Question: Concerning “He that believeth on Me the works that I do shall he do also.”
E W Rogers, Oxford
Question: John 14. 12. The Lord promises that “He that believeth on Me the works that I do shall he do also.” Should this be taken as referring to the miracles of Christ. If so, how is it that those who “believe on Him” today cannot do these works?
Answer. It is a fact that after the Lord Jesus had gone to the Father His Apostles wrought miracles; such miracles constituted the Divine attestation of the validity of the new message that they were then proclaiming. Moreover, in accordance with His promise they wrought greater works than His, as the events of the day of Pentecost and subsequently show. The calling out of the Gentiles a people for the name of Christ and their being, thereby, linked indissolubly with a risen Christ was greater than anything recorded in the gospels. The glorification of Christ was that which altogether altered things and made subsequent apostolic actions greater than that which had been done before or could have been done by anyone.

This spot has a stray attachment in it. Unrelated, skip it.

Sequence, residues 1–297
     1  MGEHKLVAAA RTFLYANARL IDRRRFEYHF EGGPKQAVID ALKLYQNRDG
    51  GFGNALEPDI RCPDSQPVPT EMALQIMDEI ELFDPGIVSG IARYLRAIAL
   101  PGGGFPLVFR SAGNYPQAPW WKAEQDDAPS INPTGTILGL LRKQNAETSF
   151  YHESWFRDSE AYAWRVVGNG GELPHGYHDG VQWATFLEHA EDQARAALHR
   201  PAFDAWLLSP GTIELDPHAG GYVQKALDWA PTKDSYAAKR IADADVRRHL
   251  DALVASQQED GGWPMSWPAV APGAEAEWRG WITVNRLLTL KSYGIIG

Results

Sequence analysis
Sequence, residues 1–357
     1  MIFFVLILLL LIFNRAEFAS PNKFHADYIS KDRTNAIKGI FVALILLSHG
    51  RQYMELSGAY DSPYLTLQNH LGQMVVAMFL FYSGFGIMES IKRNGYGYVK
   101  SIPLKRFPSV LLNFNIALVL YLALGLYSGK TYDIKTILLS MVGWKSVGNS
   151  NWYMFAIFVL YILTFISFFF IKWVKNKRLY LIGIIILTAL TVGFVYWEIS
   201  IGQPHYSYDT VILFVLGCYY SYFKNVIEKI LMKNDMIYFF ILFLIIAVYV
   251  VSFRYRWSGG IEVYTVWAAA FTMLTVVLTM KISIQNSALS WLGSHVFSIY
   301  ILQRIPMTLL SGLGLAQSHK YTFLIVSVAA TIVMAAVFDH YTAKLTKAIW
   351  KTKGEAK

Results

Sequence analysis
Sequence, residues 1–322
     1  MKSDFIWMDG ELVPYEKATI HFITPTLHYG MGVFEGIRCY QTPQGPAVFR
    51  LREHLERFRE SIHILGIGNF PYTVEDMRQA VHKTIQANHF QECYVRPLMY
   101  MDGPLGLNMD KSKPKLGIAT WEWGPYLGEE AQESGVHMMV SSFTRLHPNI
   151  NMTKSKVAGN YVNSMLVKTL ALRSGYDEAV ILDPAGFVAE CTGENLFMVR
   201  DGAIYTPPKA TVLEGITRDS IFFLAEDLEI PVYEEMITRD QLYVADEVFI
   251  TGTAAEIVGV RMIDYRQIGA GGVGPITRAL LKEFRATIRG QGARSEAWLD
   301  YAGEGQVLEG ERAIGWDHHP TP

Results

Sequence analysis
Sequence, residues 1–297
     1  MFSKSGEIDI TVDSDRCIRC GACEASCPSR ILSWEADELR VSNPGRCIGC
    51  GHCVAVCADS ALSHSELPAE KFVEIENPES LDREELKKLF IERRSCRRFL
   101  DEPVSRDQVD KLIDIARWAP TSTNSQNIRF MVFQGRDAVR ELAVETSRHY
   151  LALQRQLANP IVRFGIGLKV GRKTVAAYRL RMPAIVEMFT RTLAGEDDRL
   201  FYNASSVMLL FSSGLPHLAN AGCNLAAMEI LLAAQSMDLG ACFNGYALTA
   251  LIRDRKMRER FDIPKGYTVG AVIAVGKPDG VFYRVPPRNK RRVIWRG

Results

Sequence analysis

The cessation of the Apostolic sign gifts is doubtless due to the fact that they have served their purpose. Christianity is now well established; it is no novelty. It has once been adequately attested as authoritative and there is no need constantly to seal a thing.